Kidney Diseases

Kidney Disease – No time to kid

There is an an increasing prevalence of kidney disease all around the world and also in our country. Most people know that a major function of the kidneys is to remove waste products and excess fluid from the body. These waste products and excess fluid are removed through the urine. This process is necessary to maintain a stable balance of body chemicals. The critical regulation of the body's salt, potassium and acid content is performed by the kidneys. The kidneys also produce hormones that affect the function of other organs. For example, a hormone produced by the kidneys stimulates red blood cell production. Other hormones produced by the kidneys help regulate blood pressure and control calcium metabolism.

The kidneys are powerful chemical factories that perform the following functions:

remove waste products from the body
remove drugs form the body
balance the body's fluids
release hormones that regulate blood pressure
produce an active form of vitamin D that promotes strong, healthy bones
control the production of red blood cells

What is Chronic Kidney Disease (CKD)?

Chronic kidney disease includes conditions that damage your kidneys and decrease their ability to keep you healthy by doing the jobs listed above. If kidney disease gets worse, wastes can build to high levels in your blood and make you feel sick. You may develop complications like high blood pressure, anemia (low blood count), weak bones, poor nutritional health and nerve damage. Also, kidney disease increases your risk of having heart and blood vessel disease.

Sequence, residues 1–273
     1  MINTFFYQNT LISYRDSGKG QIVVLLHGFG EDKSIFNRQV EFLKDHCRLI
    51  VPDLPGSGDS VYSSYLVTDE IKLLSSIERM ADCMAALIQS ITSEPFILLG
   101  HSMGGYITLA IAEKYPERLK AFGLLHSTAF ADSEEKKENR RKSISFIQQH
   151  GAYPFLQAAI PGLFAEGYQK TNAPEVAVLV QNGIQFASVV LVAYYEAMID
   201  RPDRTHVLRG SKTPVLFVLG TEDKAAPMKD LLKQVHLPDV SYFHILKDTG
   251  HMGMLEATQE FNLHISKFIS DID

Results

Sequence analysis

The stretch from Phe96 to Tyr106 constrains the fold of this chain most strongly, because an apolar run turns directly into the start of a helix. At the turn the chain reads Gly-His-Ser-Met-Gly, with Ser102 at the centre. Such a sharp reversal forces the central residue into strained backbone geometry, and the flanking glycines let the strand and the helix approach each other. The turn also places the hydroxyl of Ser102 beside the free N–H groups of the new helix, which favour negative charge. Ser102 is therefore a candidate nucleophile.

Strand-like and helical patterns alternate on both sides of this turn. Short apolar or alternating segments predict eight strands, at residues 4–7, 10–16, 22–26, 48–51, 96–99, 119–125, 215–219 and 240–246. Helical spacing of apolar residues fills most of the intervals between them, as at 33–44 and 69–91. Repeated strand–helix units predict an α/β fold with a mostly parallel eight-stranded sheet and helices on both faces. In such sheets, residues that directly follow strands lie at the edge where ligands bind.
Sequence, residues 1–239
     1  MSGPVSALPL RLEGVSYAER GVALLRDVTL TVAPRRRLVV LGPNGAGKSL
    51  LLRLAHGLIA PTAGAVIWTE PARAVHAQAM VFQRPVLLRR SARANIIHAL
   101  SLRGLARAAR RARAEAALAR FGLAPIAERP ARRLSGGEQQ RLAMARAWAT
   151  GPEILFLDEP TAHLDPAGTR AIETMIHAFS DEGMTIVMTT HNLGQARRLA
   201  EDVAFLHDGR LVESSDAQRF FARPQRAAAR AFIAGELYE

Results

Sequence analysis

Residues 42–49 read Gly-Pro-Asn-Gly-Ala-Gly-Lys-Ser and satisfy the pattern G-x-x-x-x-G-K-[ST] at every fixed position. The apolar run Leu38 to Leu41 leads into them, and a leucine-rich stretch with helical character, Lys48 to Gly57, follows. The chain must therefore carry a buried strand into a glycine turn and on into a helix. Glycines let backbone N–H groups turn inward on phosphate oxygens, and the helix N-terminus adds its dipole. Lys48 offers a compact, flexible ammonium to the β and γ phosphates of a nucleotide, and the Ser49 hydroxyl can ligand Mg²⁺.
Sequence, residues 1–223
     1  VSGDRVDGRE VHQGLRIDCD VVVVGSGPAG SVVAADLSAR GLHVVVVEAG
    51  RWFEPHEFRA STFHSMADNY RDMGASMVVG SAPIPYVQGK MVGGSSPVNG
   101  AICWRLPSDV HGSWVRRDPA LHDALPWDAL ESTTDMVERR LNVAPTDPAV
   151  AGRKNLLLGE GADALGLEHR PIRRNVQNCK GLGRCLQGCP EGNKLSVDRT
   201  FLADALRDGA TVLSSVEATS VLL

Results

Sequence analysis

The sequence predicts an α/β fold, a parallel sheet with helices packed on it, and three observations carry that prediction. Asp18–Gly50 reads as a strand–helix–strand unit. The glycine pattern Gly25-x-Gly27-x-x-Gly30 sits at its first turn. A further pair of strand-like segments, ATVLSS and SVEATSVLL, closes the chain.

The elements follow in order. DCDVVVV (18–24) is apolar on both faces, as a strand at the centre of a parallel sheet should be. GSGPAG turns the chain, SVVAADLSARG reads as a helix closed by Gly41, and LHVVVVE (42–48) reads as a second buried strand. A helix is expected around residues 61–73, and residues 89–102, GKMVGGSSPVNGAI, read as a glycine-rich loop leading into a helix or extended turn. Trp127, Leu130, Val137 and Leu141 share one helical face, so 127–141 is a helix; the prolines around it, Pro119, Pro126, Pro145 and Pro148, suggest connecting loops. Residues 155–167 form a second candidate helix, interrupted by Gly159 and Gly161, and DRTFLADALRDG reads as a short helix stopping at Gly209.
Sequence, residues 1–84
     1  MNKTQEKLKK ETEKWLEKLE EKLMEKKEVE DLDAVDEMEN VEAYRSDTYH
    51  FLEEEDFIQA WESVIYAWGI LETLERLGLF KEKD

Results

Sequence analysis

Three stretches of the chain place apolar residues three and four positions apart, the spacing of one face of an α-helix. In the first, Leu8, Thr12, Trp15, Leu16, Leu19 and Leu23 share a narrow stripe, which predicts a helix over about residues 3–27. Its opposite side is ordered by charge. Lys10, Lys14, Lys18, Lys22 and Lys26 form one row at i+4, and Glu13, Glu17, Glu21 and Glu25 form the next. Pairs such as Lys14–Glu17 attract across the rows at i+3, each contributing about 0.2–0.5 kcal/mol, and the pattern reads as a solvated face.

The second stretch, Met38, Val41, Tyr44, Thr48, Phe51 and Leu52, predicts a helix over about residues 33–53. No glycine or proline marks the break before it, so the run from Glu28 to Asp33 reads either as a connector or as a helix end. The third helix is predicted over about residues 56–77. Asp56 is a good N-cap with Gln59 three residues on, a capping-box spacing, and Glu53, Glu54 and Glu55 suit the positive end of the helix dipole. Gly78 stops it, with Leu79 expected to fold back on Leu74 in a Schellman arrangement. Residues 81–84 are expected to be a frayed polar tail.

Who are the people at high risk of Chronic Kidney Disease ?

Anyone can get chronic kidney disease at any age. However, some people are more likely than others to develop kidney disease. You may have an increased risk for kidney disease if you:

have diabetes
have high blood pressure
have a family history of chronic kidney disease
are older
belong to a population group that has a high rate of diabetes or high blood pressure, such as Indians.

What are the symptoms of CKD?

Most people may not have any severe symptoms until their kidney disease is advanced. However, you may notice that you:feel more tired and have less energy have trouble concentrating

have a poor appetite
have trouble sleeping
have muscle cramping at night
have swollen feet OR puffiness around your eyes, especially in the morning
have dry, itchy skin
need to urinate more often, especially at night.

Hence it is important for people who have diabetes, high blood pressure or those who have may of the above symptoms to get themselves screened for kidney disease and get thoer kidney function (GFR) checked. An early diagnosis and prompt treatment can help avoid dialysis and transplantation or prolong the life of the kidneys and delay the need for the same.

Dr Sanjeev Gulati
Senior Consultant Nephrologist
Fortis Hospital Vasant Kunj, New delhi
Mobile 98716-00885